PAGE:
By DENNIS WYATT
Modesto has the Mistlin Gallery. Tracy has the Grand Theatre for the Arts. Turlock has the Carnegie Arts Center. Stockton has the Haggin Museum. And Manteca has its downtown.
Manteca has arguably the largest public arts project in the 209 thanks to the Manteca Mural Society launched 15 years ago.
There are nearly 30 murals in downtown that tell Manteca’s story in terms of its culture, its people, its economy, and its history. There are six murals located at the Manteca Senior Center, which is not in the downtown area.
“It is a million dollar art project,” noted Tom Wilson, who served as the society’s founding president.
That figure represents the cost of a typical mural that can run $25,000 or more.
What sets the Manteca effort apart from other mural endeavors in the Northern San Joaquin Valley, beside its scope, is the commitment to longevity.
“People ask sometimes why it takes so long to get a mural in place when murals in other places go up in a day or so,” Wilson said.
The society works with owners of buildings with an appropriate “canvas” — walls that are large enough and don’t have an excessive exposure to the sun — and spends a considerable amount of money upgrading the surface to make it conducive to painting. In cases where high profile walls have issues that can’t be addressed by prepping the surface, technology is employed to mount them on panels.
As a result, some murals are painted over the course of weeks on the side of buildings by professional muralists that prevail in a design competition for a specific mural. The muralists — who have hailed from across the country and even Europe — have work in public places across the globe.
Dave Gordon — a professional muralist from the Bay Area who has done several of the murals — serves as an adviser to the Manteca Mural Society.
Before a call goes out for muralists in a bid to select three who are paid to come up with designs to compete for the final selections, the society painstakingly researches the mural subject.
Typically that involves a series of community meetings where residents are invited to provide input and even share historic images.
A number of the murals contain the faces of Manteca residents including those who have passed away, or a historic reference.
The most recent mural dedicated May 19 as part of Manteca’s centennial celebration as a city is the fifth and final mural on the Veterans Wall on the side of the 30-foot plus tall Manteca Bedquarters building overlooking downtown’s key intersection at Yosemite Avenue and Main Street.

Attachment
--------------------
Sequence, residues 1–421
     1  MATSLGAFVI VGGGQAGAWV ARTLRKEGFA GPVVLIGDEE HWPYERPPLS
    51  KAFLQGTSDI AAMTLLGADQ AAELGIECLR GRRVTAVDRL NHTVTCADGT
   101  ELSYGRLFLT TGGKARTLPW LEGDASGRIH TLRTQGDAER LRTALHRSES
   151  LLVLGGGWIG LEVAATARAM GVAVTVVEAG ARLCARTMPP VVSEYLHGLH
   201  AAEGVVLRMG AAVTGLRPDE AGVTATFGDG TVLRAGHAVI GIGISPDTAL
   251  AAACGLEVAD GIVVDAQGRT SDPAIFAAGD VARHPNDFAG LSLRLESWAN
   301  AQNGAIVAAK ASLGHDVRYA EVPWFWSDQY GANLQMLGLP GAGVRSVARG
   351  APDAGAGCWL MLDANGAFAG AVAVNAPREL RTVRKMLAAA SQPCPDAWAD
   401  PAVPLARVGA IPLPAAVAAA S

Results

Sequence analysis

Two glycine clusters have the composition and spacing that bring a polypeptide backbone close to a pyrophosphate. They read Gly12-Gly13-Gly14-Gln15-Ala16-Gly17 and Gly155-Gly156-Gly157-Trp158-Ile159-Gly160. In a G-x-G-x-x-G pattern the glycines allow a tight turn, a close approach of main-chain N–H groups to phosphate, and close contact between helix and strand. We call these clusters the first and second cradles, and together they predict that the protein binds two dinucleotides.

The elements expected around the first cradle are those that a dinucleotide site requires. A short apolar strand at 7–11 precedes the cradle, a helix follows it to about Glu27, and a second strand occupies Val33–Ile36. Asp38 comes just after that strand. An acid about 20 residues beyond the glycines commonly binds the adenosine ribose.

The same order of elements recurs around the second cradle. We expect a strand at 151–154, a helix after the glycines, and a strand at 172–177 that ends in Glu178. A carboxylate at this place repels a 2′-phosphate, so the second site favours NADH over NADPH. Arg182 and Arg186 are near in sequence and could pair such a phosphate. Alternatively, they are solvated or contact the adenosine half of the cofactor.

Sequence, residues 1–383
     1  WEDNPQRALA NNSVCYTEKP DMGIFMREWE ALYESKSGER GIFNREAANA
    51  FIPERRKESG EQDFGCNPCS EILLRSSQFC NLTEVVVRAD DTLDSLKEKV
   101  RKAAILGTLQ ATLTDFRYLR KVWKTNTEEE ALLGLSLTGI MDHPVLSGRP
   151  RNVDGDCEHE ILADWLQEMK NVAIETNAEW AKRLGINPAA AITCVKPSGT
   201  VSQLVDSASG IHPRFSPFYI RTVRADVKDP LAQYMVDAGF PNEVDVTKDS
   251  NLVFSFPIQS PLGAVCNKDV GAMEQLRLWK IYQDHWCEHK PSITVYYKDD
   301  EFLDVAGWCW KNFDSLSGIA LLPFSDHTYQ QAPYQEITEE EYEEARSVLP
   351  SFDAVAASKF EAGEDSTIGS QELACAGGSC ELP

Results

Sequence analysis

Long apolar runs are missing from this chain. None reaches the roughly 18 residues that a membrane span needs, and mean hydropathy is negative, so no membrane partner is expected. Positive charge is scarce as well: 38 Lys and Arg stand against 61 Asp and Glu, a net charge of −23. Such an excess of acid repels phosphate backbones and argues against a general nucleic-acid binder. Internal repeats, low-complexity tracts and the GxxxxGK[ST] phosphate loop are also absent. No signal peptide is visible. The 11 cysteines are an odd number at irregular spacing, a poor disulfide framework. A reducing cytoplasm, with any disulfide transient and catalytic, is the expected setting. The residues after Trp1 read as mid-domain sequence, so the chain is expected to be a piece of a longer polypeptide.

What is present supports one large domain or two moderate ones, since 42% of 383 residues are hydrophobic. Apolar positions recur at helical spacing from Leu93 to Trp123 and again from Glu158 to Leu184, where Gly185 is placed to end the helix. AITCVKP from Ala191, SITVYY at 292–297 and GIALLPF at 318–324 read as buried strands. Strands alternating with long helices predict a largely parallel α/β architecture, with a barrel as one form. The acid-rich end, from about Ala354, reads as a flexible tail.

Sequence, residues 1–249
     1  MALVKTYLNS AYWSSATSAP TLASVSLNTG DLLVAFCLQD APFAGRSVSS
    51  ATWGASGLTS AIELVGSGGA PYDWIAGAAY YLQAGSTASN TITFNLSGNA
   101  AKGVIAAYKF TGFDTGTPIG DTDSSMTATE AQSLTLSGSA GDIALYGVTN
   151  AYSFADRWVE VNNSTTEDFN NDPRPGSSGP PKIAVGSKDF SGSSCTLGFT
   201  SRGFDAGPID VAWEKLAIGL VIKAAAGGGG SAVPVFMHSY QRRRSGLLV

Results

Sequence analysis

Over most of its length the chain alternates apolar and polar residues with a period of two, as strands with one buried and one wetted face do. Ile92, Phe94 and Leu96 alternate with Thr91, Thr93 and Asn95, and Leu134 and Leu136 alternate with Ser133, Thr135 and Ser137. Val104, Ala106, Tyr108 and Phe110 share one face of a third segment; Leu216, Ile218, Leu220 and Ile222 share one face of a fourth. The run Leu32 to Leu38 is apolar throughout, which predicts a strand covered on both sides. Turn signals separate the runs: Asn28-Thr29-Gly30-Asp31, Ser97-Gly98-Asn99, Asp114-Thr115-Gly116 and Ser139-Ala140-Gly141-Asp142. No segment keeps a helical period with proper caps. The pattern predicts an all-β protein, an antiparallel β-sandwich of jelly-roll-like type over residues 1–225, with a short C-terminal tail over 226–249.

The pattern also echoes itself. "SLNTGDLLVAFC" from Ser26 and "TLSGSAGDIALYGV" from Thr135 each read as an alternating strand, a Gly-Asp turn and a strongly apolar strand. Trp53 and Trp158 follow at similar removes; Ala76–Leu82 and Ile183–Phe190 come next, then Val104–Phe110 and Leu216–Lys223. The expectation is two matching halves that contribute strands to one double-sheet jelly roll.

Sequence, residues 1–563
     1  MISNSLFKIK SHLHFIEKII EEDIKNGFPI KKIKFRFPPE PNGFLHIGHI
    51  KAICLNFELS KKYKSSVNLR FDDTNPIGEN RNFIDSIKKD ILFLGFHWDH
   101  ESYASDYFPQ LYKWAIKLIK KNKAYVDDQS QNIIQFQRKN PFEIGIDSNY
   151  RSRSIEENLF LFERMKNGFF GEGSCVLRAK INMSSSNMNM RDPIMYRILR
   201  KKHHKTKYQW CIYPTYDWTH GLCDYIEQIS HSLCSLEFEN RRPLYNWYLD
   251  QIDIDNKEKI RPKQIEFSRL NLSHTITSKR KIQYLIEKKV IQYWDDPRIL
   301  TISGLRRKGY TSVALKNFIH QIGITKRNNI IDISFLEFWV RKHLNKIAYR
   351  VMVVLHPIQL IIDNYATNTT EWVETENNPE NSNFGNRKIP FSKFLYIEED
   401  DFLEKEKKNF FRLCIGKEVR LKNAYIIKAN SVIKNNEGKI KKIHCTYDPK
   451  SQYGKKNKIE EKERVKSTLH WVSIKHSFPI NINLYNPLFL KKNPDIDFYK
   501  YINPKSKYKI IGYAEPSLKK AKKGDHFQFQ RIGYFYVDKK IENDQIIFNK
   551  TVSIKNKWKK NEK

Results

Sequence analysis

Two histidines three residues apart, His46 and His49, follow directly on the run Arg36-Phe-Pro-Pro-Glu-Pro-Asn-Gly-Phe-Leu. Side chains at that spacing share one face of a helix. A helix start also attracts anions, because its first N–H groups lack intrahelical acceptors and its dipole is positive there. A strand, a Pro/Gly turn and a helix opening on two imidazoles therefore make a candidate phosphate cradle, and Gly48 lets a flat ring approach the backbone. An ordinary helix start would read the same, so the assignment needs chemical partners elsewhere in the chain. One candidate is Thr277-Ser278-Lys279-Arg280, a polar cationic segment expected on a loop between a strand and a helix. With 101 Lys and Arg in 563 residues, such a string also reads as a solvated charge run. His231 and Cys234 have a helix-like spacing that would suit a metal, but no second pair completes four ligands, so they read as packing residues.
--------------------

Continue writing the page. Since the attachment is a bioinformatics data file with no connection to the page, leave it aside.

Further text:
The latest mural dubbed “Zero Hour,” salutes those from the Manteca area who served a hundred years ago in World War I. It joins four other murals honoring those who served in World War II, the Korean War, the Vietnam War and the Global War on Terror.
The World War II mural, as an example, not only incorporates familiar elements of that war, but also the faces of some of the 965 from Manteca who served in the Marines, Army, Navy, Army Air Corps, Merchant Marines and the Coast Guard. There is even an image of a Manteca resident representing the Rosie the Riverters who helped churn out ships, airplanes, tanks and more to support the war effort.
The series of murals cost $125,000. While “Zero Hour” was funded by the City as part of the centennial celebration the rest of the money for the other four murals — as well as others downtown — was raised through donations.
The murals run the gamut from one depicting cruising Yosemite Avenue in the early 1960s to one showing farm workers pitching pumpkins into a tractor-drawn trailer to “Manteca Snow” that depicts the delicate white and pink almond flowers still in trees in an orchard as well as lining the grass.
The first mural dedicated on the City’s 85th anniversary of being a city in 2013 graces the Century Furniture wall across the street from the Manteca Bedquarters and is dubbed “Crossroads 1918.” It shows the street scene you would have seen if you were standing there a century ago looking west on Yosemite Avenue from Main Street.
Information on the murals as well as directions and a suggested walking tour can be found by going to mantecamurals.com.